A leader is one who knows the way, goes the way, and shows the way. – John Maxwell
An old woodsman gives this advice about catching a porcupine: “Watch for the slapping tail as you dash in and drop a large washtub over him. The washtub will give you something to sit on while you ponder your next move.”
Inspiring leadership is needed now more than ever. What’s not inspiring, however, is watching reactionary leaders who are chasing porcupines with washtubs who never seem to be ahead of the game. What’s even more frustrating is trying to follow this type of leader.
A few years back Forbes contributor Eric Jackson wrote an article on the top ten reasons why large companies fail to keep their best talent. In a nutshell they are baldy managed, send mixed signals, and have misplaced priorities. These things not only drive away your best talent but are the things that also undermine your ability to lead. Here are four ways following a leader can be difficult and why it matters.
When there is no clear vision and purpose.
Simply put, if you don’t know where you are going as a leader what makes you think anyone will want to follow you? A chief hallmark of a leader in any organization is one who knows where he is going and why, and has convinced you of the same. If the vision and purpose of your organization is not clear among the leadership then you can be assured it is unclear to everyone else. If your vision or purpose is not known internally then those who have the most to gain from your service or product will be the ones who lose out. This is a Leadership 101 issue. You will never succeed personally or as an organization if you can’t define your vision or purpose. What can you do about it? Define it. Share it. Do it.
When communication is not clear and consistent.
Communication is the lifeblood of your organization. It’s not something you leave to chance. Think for a moment of the measurable things within your organization that are important to you such as sales projections, budgets, or employee performance reviews. These are important things that you track and rightfully so. Communication deserves the same treatment. Nothing will frustrate the people in your organization more than poor communication. If they are in the dark about what is going on or they find out information second- hand then you are dropping the ball. Be clear, consistent, and frequent with your communications and always be ahead of the curve. Getting information late can have the same negative consequences as not finding out at all.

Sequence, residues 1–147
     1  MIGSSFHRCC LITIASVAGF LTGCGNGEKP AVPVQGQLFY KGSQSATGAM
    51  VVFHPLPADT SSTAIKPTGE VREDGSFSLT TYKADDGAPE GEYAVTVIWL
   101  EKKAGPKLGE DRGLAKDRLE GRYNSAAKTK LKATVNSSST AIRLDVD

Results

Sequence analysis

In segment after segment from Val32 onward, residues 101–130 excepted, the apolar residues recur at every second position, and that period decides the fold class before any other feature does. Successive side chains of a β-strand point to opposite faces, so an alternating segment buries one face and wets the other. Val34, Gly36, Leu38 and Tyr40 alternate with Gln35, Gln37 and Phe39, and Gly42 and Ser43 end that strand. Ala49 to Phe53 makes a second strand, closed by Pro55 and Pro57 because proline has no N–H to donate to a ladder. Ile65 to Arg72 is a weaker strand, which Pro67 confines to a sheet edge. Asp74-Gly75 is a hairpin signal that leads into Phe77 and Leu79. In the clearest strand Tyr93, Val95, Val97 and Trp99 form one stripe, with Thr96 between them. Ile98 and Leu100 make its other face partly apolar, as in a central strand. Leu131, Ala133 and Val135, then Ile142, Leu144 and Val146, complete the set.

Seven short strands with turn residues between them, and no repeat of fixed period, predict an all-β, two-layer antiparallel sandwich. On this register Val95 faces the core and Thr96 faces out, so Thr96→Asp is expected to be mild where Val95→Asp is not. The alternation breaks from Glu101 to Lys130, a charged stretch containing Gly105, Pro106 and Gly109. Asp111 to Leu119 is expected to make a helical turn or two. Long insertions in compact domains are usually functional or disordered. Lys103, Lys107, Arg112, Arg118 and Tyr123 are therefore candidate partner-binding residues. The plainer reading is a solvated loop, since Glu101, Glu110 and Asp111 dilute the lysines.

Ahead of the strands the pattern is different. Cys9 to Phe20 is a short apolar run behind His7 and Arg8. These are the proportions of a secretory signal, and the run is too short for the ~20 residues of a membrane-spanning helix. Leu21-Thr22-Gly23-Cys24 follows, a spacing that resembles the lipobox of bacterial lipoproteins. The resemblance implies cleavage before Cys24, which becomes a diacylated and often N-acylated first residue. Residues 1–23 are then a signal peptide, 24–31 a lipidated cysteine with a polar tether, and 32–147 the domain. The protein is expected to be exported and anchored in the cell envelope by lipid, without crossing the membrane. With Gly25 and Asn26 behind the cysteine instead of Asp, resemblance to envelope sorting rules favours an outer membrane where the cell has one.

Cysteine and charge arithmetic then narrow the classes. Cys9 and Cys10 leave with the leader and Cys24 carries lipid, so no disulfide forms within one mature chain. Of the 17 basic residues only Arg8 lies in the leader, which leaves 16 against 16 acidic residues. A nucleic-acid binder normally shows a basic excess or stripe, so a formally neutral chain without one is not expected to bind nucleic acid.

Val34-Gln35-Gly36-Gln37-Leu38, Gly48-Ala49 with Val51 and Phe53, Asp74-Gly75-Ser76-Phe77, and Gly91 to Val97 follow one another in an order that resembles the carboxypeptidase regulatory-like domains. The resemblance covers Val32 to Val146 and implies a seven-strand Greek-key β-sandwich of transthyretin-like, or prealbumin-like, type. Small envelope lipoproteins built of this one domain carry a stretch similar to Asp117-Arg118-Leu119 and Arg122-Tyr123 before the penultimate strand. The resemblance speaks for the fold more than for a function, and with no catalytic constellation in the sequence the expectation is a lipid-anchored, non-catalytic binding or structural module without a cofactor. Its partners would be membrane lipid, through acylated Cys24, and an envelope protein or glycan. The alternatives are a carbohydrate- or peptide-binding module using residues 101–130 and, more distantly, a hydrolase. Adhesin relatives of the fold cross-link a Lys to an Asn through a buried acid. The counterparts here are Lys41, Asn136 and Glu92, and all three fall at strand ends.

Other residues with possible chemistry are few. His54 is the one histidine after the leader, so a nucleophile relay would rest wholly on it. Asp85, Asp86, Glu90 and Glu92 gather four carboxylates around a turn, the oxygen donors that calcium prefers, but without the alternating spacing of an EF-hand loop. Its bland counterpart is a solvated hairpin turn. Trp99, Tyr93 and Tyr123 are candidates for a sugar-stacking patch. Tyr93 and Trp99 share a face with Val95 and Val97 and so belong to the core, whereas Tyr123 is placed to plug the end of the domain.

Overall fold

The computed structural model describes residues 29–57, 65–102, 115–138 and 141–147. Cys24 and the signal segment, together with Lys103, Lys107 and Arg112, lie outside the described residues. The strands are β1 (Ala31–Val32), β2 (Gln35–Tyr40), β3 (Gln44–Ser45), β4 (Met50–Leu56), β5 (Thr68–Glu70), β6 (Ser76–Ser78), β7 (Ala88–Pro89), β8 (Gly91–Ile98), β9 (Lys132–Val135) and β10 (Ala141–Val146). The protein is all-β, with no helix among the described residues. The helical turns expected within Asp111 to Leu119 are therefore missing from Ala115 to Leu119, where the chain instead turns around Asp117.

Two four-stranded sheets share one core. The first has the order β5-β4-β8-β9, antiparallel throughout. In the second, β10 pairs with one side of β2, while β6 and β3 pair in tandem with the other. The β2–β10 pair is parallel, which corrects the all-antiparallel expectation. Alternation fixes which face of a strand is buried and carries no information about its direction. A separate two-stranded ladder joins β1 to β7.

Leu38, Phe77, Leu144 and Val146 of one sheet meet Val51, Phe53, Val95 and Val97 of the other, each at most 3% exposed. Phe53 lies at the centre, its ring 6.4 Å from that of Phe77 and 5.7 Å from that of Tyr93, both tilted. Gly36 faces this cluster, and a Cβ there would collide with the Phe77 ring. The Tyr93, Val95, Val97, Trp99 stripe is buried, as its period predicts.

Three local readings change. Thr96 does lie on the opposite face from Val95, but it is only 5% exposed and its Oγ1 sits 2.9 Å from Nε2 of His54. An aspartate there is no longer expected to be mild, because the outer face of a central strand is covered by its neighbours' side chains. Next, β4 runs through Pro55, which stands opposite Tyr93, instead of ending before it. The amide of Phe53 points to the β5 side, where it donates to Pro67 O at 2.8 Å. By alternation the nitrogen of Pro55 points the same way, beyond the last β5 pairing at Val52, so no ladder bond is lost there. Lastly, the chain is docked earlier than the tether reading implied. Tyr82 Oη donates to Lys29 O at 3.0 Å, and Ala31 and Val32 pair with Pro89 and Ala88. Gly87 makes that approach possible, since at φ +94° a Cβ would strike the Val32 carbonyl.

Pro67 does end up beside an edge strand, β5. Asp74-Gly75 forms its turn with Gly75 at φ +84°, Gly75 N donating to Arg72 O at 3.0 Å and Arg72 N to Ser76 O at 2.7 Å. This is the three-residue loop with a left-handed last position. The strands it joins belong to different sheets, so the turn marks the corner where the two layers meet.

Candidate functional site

When team members are not valued or respected.
Not all team members are equal in terms of responsibility, skills, or assignments. But all are worthy of being valued for what they contribute and are worthy of respect. This is a fundamental leadership practice that you should not even have to ponder. But leaders can be hard to follow when they fail to recognize the hard work and efforts that each person brings to the table. Not everyone’s experiences will be the same but everyone’s input has value. Leaders can be hard to follow (and rightfully so) when they allow unprofessional conduct such as bullying to go unchallenged. Leaders worthy of being followed will take a stand and not allow it. Smart leaders give their team members respect and value their expertise. They make following a pleasure.
When leaders are inconsistent and fail to set the right example.
What followers of any leader want more than anything else is a leader who is consistent. They want to follow a leader who knows who they are, where they are going, and have made a compelling case for their leadership. Followers don’t mind weathering the storms. They will follow you through good times and bad so long as you remain true to your values and do the right thing. Yes, leadership can be hard, but even more so for followers who want a leader who says what he means and does what he says.
What do you say?
© 2014 Doug Dickerson
If you enjoy reading Doug’s leadership insights you will especially enjoy his books, Leaders Without Borders & Great Leaders Wanted. Order them at www.dougsmanagementmoment.blogspot.com